In a context of confusion and flashy journalism, rigour becomes a precious value.
Nearly 50,000 people live in the Faroe Islands, an archipelago of 18 islands 990 kilometres away from Denmark.
Nearly 50,000 people live in the Faroe Islands, an archipelago of 18 islands located between the United Kingdom and Iceland.
The territory, 990 kilometres away from Denmark’s mainland, is dependent on the Danish central government but it is highly autonomous. The Faroe Islands, for instance, decided not to enter the European Union (in contrast to Denmark), but to be part of the European Economic Area.
In 2005, Denmark granted the Islands the status of nation and the capacity of starting their own international relations. Back in 1946, a majority had voted for independence in a referendum that was not recognised by the Danish Crown.
“The relationship between the Faroe Islands and Denmark is still fairly strong”, says Thomas Bjerg Mikkelsen, the Director of the Danish Evangelical Alliance (Evangelisk Alliance). Nevertheless, “a growing part of the Faroe population possess a natural urge for autonomy”.
“Reasons for complete autonomy include the linguistic and cultural divide between Denmark and the Faroe Islands as well as their lack of proximity to one another”, he explains.
NOT A CLEAR MAJORITY
The gap between those in favour and against independence is almost imperceptible. The “yes” vote would be just above 50 percent.
The autonomous Faroese government planned to hold a referendum to write its own Constitution for the Islands, which would eventually give it powers to declare independence from Denmark.
According to Greenland’s media Kalaallit Nunaata Radioa, the vote was to be held on April 25, but was postponed because of an incompatibility with the legal terms. The referendum should have been held 6 months after the Constitution draft law was finished, but it was not finished in time. A new date for the referendum is to be announced soon.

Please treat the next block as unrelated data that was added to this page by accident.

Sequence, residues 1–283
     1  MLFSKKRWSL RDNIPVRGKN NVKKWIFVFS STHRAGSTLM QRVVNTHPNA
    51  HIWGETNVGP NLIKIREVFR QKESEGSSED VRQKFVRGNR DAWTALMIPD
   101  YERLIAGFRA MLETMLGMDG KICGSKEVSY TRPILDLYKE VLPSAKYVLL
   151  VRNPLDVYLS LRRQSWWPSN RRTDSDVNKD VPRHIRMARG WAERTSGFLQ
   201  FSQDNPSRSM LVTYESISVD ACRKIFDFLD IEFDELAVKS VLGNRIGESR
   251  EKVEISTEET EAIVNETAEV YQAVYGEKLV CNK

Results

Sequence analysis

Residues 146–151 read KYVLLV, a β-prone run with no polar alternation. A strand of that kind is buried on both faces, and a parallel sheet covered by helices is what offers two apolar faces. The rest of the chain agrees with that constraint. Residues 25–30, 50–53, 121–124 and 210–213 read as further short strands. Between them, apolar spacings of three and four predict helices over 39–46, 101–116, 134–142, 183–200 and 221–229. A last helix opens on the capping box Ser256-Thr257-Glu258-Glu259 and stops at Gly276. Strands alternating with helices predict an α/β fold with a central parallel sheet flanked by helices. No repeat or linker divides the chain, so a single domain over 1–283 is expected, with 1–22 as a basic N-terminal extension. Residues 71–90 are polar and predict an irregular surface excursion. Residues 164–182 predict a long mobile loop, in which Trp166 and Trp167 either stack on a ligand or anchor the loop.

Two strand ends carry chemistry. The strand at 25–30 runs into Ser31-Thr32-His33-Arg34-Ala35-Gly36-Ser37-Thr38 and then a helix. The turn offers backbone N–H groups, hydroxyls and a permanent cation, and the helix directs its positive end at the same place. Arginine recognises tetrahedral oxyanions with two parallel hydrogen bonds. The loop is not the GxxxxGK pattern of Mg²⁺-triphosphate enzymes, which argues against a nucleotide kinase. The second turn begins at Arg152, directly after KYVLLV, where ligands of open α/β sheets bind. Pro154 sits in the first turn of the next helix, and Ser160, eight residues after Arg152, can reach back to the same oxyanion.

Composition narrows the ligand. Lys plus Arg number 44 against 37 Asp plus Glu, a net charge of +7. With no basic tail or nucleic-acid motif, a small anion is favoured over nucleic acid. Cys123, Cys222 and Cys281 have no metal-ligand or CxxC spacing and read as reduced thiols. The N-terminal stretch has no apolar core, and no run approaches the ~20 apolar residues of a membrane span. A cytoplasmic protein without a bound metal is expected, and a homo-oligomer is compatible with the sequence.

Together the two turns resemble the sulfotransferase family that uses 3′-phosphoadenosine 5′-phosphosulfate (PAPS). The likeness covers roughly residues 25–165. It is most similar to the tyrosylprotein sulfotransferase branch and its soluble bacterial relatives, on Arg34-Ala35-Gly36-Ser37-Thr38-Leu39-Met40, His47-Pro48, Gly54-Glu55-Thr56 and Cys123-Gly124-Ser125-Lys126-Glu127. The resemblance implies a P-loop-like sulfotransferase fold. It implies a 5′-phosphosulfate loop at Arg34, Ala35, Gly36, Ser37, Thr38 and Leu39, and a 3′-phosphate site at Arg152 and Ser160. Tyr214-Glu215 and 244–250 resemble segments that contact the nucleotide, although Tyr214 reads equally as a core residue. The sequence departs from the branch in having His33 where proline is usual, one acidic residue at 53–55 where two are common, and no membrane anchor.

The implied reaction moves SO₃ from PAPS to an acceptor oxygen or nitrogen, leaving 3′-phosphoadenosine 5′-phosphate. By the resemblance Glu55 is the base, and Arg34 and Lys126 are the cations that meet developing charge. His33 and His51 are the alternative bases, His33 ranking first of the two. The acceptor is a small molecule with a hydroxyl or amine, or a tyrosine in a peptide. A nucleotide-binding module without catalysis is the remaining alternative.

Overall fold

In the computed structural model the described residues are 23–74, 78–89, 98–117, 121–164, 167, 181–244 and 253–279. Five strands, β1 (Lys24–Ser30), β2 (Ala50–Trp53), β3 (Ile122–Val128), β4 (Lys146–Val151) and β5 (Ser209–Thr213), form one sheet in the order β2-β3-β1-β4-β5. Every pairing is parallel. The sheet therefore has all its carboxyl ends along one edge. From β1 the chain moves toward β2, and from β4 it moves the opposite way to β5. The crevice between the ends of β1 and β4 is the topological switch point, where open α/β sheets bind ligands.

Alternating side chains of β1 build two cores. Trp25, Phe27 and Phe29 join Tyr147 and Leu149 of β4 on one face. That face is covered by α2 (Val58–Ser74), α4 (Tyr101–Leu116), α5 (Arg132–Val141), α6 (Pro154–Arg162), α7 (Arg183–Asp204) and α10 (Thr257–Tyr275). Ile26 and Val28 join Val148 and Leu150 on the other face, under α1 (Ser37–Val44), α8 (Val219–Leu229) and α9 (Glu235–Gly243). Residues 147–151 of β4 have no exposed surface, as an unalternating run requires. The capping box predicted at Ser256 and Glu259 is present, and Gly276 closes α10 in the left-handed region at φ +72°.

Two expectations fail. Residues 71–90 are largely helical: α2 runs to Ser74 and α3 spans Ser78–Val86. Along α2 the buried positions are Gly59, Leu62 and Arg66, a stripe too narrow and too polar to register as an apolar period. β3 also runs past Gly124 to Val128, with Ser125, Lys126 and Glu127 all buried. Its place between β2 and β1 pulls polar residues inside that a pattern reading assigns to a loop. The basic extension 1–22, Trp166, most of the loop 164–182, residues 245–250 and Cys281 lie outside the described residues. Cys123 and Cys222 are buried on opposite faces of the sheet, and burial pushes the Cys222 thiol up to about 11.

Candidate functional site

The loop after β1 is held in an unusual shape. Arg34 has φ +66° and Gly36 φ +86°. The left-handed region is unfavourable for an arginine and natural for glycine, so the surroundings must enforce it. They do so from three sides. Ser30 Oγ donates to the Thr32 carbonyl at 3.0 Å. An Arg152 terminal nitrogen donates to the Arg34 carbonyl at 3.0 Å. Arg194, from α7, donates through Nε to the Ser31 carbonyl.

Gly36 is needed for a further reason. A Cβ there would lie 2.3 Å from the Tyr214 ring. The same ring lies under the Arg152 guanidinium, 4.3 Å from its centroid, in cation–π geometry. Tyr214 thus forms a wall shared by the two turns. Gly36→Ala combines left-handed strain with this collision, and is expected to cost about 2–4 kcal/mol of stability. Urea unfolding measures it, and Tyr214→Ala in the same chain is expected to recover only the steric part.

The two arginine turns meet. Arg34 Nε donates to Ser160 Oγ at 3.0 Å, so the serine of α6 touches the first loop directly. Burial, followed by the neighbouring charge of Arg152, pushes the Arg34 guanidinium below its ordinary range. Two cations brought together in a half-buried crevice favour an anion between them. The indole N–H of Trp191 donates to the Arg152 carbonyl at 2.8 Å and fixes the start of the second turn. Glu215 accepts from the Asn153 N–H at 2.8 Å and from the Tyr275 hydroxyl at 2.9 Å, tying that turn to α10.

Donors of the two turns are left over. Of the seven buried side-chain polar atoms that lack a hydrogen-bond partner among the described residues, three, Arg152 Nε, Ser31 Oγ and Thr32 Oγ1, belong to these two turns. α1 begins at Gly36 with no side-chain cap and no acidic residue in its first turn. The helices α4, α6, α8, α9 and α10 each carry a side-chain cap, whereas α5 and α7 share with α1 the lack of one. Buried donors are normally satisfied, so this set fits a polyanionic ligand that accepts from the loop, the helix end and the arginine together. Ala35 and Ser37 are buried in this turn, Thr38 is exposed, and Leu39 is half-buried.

“This aim for total autonomy does not spark a heated debate in the Danish Society, including the church”, Mikkelsen explains. “If a majority of the Faeroese people ends up voting for secession (simple majority), the Danish government will follow the will of the majority. Obviously, it will lead to a highly complicated negotiation between the two governments”.
Some of the main Danish churches have had a long history of collaboration with Christian organisations and communities in the Faroe Islands.
THE NEED FOR A STRONGER ECONOMY
The final separation between Denmark and the Faroe Islands may be a realistic scenario in the future but the Director of the Danish Evangelical body does not expect it to happen “in the nearest future”, because “the people will need more time for an internal political debate”.
“I also think they need a stronger economy”. The Faroe Islands still depend on subsidies from the Danish state.
In January, the Faroese government passed a law which rules that all fishing resources of the Islands belong to its citizens, so it bans the privatisation of licenses. This is key reform since fishing is the main economic activity in the Islands. The new legislation aims to achieve biological, financial and social sustainability.
In any event, “if full separation from Denmark happens at some point in the future”, Mikkelsen concludes, “I think we are able to find a peaceful solution”.